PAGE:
Hydrodynamic Characterisation of Fire Sprinkler System of a Passenger Railroad Car

  • Matthew Craig Baker Hughes, Brent Avenue, Montrose
  • Muhammad Younas School of Engineering, Robert Gordon University, Aberdeen, UK (AB10 7GJ)
  • Taimoor Asim School of Engineering, Robert Gordon University, Aberdeen, UK (AB10 7GJ)
Keywords: Computational Fluid Dynamics, Fire Sprinkler, Railroad Car, Fire Propagation, Hydrant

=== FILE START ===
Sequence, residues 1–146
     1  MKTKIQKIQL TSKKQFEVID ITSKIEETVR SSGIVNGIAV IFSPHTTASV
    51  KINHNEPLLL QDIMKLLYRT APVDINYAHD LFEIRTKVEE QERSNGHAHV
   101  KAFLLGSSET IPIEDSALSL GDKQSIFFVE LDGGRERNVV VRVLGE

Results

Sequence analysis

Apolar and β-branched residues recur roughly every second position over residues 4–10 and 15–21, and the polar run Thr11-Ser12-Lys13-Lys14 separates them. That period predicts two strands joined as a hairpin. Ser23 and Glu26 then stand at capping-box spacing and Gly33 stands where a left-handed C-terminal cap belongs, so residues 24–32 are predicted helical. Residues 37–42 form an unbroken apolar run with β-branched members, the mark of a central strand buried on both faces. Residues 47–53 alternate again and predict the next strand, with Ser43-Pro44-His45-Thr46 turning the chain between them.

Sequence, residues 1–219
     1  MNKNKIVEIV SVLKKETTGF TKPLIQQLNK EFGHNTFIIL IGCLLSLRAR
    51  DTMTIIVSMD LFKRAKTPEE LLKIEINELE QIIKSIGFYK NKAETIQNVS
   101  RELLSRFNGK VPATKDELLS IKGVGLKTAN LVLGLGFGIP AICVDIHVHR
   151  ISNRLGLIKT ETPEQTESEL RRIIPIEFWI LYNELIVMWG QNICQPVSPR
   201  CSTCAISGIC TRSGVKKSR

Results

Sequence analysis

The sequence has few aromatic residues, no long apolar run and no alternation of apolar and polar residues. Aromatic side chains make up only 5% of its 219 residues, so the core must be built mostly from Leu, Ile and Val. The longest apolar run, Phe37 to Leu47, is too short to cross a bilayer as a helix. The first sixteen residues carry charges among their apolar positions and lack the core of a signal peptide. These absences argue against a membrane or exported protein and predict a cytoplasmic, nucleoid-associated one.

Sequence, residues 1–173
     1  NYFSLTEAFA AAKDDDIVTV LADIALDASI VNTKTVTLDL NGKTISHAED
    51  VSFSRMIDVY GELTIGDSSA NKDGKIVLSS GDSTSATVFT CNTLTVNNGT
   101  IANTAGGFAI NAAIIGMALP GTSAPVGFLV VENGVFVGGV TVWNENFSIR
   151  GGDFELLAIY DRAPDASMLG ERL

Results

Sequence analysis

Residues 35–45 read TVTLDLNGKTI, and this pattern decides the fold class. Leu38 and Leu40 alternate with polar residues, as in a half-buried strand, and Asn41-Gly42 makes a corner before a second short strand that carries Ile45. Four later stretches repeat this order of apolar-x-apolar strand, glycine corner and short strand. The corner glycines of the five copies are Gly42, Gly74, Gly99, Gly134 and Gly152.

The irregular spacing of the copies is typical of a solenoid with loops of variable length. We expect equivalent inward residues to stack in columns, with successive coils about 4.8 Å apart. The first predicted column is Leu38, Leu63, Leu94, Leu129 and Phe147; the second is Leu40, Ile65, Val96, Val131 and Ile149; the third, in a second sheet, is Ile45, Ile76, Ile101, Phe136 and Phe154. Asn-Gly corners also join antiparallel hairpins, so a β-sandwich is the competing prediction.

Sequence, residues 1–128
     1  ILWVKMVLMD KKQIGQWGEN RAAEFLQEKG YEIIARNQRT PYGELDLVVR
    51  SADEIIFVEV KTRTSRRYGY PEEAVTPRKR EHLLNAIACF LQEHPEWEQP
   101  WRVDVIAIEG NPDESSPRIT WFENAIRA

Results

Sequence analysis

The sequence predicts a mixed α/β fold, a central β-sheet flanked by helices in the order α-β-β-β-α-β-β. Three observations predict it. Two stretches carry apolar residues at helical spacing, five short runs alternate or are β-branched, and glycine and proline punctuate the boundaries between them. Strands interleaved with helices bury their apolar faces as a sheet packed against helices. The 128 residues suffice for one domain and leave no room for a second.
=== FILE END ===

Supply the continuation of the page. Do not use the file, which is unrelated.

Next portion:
Fire safety is one of the major concerns in the public transport and thus passenger trains in the UK seek continuous improvement in passenger safety and comfort. In order to combat fire, there is a legal requirement in most countries across the global to install a fire suppression system within passenger railroad cars. In the event of fire, the thermal sensors trigger high pressure flow of hydrant through nozzles into the railroad car, thus supressing the fire. The efficient design of fire suppression system is highly dependent on the operational parameters of the system. The published literature, although abundant in investigating the flow characteristics through nozzles, severely lacks in conjugating this with fire suppression. Thus, in the present study, extensive parametric investigations have been carried out on the operational and design parameters of a conventional fire suppression system using an integrated approach i.e., hydrant flow and combustion. Advanced numerical techniques have been employed to evaluate the hydrodynamic characteristics of the fire suppression system based on the size of droplets of the hydrant from exiting the nozzles and the flow rate of the hydrant. The effects of these parameters on the temperature and the concentration of soot particles within the passenger railroad car have been evaluated. The results show that smaller sized hydrant droplets (250um) are more effective in supressing the fire in enclosures compared to larger droplets (750um), while higher flow rates tend to supress the fire more efficiently. It is envisaged that the results obtained in the present study will help in developing more efficient fire suppression systems for passenger railroad cars.